Most of us have heard about trans fat and that it is not healthy. Trans fat increases your LDL (aka “bad” cholesterol) AND also decreases you HDL (“good” cholesterol). It has also been shown to increase triglycerides and inflammation. But food manufacturers like to use it primarily because it prolongs the shelf life of foods prepared with it.
How do you know trans fat is in your food?
In the ingredient list, any partially hydrogenated oils are trans fat.
Sometimes, foods say “0 grams trans fat” on the front of the package.
And they can also say 0 grams trans fat on the Nutrition Facts. (see image at right)
Yet they can still contain trans fat!
How can this be? Here’s how:
The following quote is from the FDA’s Food Labeling Guidelines:
5. How should trans fatty acids be listed?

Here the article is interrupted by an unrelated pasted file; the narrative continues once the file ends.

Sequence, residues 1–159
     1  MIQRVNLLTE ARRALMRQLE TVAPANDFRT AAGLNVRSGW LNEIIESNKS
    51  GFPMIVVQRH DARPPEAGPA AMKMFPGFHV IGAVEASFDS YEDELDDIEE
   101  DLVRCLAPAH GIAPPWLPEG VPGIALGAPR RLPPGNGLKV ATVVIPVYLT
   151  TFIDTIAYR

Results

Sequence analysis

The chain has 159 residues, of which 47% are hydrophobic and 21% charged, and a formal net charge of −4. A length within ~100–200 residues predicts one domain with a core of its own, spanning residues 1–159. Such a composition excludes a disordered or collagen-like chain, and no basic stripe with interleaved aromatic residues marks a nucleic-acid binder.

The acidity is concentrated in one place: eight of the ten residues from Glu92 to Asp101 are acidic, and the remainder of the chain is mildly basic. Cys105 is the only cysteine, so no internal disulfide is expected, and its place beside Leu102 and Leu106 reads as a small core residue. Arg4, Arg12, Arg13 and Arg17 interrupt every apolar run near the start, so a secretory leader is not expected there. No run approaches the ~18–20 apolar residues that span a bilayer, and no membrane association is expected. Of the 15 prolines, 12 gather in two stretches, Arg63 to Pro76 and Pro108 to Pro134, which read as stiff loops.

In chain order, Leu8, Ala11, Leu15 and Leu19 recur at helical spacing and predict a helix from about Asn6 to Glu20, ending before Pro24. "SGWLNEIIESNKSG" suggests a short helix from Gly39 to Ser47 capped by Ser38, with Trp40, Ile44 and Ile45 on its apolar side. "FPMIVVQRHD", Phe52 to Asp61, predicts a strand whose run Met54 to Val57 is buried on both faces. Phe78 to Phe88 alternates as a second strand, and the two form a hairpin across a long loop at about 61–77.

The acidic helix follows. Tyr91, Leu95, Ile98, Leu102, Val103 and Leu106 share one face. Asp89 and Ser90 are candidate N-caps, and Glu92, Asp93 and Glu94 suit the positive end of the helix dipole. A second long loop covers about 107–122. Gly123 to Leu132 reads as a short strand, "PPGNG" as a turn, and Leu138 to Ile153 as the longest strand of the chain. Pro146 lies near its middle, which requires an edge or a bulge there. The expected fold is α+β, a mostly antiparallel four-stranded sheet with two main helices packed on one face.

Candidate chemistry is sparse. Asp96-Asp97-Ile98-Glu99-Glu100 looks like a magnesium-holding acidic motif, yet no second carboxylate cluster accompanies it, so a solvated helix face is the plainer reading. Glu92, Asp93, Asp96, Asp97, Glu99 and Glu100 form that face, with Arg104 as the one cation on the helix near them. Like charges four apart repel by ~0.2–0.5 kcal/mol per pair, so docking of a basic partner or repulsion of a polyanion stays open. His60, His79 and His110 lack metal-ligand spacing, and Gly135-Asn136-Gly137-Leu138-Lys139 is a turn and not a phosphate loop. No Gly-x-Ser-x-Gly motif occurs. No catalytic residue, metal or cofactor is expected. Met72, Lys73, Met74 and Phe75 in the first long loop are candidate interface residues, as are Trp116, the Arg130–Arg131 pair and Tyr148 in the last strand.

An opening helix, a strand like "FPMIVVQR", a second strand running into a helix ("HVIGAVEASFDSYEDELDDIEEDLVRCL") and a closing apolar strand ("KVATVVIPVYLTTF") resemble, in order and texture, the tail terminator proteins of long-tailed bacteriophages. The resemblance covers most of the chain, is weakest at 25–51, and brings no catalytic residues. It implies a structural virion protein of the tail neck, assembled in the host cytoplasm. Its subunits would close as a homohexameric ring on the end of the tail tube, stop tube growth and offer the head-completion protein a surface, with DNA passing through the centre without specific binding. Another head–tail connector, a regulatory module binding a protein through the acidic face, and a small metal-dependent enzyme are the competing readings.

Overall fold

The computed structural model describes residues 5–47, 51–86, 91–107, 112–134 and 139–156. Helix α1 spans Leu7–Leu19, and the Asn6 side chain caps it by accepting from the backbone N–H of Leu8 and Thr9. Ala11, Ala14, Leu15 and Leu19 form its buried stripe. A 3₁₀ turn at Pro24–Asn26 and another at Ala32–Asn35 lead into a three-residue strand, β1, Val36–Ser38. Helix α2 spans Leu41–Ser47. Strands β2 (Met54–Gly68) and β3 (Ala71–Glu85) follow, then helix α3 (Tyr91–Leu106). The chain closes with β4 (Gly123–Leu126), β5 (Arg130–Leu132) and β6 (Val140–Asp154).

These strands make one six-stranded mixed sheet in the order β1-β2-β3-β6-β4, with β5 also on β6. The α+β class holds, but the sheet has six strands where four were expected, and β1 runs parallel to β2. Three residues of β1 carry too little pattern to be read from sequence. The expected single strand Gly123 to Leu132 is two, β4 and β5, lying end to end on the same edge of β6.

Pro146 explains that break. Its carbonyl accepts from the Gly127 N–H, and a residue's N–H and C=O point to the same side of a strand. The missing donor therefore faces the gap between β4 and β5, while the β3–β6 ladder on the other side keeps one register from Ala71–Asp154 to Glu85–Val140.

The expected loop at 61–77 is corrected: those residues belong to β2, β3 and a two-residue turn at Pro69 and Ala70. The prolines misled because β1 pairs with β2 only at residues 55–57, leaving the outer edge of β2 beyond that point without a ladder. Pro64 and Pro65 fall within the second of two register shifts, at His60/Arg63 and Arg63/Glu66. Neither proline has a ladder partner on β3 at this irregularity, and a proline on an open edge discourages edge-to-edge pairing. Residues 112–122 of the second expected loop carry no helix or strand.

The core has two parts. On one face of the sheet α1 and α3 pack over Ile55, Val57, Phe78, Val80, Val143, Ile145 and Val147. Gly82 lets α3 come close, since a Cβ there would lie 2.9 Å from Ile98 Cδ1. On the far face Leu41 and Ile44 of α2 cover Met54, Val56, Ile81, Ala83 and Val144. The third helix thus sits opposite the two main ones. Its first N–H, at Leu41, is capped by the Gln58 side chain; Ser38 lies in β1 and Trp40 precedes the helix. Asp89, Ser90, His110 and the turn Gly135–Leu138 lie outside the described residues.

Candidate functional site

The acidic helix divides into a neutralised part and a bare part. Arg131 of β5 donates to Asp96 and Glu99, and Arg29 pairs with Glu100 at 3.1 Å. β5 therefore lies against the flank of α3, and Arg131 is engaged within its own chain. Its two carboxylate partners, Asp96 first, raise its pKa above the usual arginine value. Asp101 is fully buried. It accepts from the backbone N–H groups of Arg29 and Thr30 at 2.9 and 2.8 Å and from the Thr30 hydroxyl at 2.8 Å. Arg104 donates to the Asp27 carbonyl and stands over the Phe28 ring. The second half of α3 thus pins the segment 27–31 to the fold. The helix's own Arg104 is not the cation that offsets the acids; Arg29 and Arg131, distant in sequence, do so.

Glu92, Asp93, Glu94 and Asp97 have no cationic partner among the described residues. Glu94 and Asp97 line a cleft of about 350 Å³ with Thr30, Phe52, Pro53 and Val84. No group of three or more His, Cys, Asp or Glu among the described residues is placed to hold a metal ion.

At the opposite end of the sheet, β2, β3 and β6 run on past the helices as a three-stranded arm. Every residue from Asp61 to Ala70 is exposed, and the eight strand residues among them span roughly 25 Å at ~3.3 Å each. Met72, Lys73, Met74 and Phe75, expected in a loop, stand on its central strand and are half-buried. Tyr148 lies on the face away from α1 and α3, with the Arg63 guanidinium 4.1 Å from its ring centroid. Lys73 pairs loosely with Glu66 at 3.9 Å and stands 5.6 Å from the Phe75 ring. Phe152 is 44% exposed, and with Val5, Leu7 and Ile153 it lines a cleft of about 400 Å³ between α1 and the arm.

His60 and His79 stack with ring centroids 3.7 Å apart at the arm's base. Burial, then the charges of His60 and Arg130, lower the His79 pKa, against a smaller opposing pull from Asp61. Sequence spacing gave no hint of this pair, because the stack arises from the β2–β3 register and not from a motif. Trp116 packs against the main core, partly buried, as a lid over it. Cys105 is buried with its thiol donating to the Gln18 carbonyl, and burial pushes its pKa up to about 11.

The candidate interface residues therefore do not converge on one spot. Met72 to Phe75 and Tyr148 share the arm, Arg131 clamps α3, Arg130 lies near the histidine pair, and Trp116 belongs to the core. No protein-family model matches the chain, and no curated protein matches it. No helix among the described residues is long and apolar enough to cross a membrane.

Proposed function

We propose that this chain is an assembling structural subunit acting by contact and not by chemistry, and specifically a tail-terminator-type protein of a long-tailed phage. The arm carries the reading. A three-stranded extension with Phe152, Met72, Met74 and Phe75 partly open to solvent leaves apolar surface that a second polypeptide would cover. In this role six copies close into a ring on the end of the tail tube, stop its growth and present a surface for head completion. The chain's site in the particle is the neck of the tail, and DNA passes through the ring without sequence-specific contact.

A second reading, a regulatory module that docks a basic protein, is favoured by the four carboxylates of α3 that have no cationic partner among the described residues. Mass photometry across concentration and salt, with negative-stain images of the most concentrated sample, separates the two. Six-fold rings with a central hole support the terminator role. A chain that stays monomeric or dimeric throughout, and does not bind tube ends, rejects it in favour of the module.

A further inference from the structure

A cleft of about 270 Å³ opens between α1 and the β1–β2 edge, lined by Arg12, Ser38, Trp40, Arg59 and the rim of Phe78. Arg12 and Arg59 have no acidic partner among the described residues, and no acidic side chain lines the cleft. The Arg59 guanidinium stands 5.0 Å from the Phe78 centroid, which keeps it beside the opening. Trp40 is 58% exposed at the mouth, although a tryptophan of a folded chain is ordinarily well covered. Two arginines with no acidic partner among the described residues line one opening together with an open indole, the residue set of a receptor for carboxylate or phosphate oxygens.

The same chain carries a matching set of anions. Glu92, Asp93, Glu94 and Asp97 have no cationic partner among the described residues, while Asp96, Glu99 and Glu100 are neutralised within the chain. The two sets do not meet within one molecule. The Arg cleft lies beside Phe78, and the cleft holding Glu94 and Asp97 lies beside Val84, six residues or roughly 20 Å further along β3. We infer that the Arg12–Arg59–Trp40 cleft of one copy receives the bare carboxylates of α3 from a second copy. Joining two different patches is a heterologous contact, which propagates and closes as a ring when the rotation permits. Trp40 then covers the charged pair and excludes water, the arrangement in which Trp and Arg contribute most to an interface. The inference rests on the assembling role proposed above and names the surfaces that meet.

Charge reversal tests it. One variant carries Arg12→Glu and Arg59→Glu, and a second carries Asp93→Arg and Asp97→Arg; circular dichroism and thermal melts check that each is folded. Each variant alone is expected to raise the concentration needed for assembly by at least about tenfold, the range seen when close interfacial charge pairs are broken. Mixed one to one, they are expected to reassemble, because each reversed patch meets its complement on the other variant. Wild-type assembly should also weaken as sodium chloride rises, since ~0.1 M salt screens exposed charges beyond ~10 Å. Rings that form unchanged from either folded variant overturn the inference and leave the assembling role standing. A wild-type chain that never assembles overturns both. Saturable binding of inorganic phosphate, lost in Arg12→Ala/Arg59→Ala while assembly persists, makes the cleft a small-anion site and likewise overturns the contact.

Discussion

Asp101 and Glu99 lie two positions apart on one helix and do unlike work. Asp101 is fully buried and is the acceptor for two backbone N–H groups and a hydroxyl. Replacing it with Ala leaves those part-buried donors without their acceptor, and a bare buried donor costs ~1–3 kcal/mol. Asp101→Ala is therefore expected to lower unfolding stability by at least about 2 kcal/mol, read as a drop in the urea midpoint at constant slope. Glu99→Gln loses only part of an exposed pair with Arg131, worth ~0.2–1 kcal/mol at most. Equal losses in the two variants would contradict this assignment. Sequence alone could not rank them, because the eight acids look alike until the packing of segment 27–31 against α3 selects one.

Trans fatty acids should be listed as “Trans fat” or “Trans” on a separate line under the listing of saturated fat in the nutrition label. Trans fat content must be expressed as grams per serving to the nearest 0.5-gram increment below 5 grams and to the nearest gram above 5 grams. If a serving contains less than 0.5 gram, the content, when declared, must be expressed as “0 g.”
What do you need to do?
Read all of the label, including the ingredients list. Because, here’s the thing. If a product says 0 grams trans fat per serving, it could be 0.49 grams of fat per servings. You just don’t know! So if you’re eating cookies and you tend to eat more than what the package says a serving is, you could be consuming a lot of trans fat.